It’s Hot Outside. Is Baby Thirsty?
When the long, hot days of Fresno’s summer approach, I’m always asked at least a few times every year whether breastfed babies need to drink water in the hot months. It would seem logical, since we all require extra water when our bodies lose fluids through sweating. And when we try to put ourselves in baby’s shoes, it seems that drinking warm milk on a hot summer day would do little to quench his thirst. When Fresno hits the triple-digit mark, warm milk is definitely not on my list of favorite beverages. But the fact is, babies from birth to six months are best kept on breast milk exclusively. That’s right. Only their mommy’s milk, no matter what season of the year it is. Understanding how this can work requires a little background knowledge of breast milk’s composition and function.
The most important thing to remember about breast milk is that it consists of about 88% water. That means that every single feeding baby takes from his mother provides him with a nice dose of water, along with all of the right nutritional components his body needs. The key to keeping the whole system in balance is remembering that all of this water must come from somewhere, so Mom needs to drink more water than ever before. As a rule, Mommy’s body will deplete itself to serve the baby. So if Mom forgets to drink her water, she’ll wind up feeling parched and uncomfortable, while baby remains hydrated and healthy. Luckily, there’s an amazing phenomenon that helps moms remember: within seconds of the baby’s first few suckles at breast, Mommy is hit with a profound thirst, which is very difficult to ignore. Most women who have breastfed notice this pretty quickly, and most agree that water seems to be the best choice for quenching their thirst.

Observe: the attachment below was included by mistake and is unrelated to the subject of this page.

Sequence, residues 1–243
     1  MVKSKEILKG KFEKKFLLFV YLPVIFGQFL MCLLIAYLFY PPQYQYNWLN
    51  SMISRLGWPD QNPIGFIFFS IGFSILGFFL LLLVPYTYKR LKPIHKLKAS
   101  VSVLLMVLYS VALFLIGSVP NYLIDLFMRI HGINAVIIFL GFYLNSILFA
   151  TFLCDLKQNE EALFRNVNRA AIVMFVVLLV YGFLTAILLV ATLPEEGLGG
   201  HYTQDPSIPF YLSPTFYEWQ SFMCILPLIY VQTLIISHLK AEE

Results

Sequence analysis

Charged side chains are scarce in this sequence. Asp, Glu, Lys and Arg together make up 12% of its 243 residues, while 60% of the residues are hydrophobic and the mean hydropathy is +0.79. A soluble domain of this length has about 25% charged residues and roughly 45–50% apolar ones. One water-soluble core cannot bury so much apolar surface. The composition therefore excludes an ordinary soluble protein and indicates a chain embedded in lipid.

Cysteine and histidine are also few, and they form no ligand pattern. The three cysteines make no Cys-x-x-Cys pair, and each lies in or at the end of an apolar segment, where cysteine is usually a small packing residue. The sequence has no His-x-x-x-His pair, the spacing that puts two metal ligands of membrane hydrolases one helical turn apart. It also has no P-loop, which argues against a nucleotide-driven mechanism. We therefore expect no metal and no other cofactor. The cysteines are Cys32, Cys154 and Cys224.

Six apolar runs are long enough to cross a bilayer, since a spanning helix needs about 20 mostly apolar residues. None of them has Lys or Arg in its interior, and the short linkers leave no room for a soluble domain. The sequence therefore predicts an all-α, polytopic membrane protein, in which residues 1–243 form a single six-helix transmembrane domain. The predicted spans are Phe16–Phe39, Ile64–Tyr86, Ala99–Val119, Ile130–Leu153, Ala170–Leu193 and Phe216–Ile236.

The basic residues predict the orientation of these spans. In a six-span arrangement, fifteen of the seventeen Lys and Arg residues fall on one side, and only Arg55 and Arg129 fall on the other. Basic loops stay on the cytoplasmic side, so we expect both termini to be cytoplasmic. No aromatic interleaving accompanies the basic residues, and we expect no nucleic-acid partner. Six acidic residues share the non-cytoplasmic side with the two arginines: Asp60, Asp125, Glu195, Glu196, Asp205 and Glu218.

As to the issue of whether warm milk can possibly feel satisfying on a hot day, it helps to know that the temperature of the milk coming straight from mom is ideal for baby’s digestive system. Even when the outdoor temperatures are soaring, baby’s digestion will be best able to handle breast milk at its normal temperature, around 98 degrees or so. Milk that is too cool will still digest, but it can cool the baby’s core body temperature too rapidly, and cause some stress.
So if a breastfed baby is offered extra water due to the hot, dry climate of the Central Valley, that water is completely unnecessary. In fact, it can do harm. That’s because adding water to baby’s diet can cause a decrease in the normal weight gain pattern, since some babies reduce the amount of calorie-rich milk they drink when they have a “full” feeling from water. It’s as if the water takes up precious space in the baby’s belly, so he may short-change his real feeding. As with most issues related to breastfeeding, it’s best to let nature take care of things the way they were originally designed. Artificial interventions are usually counterproductive.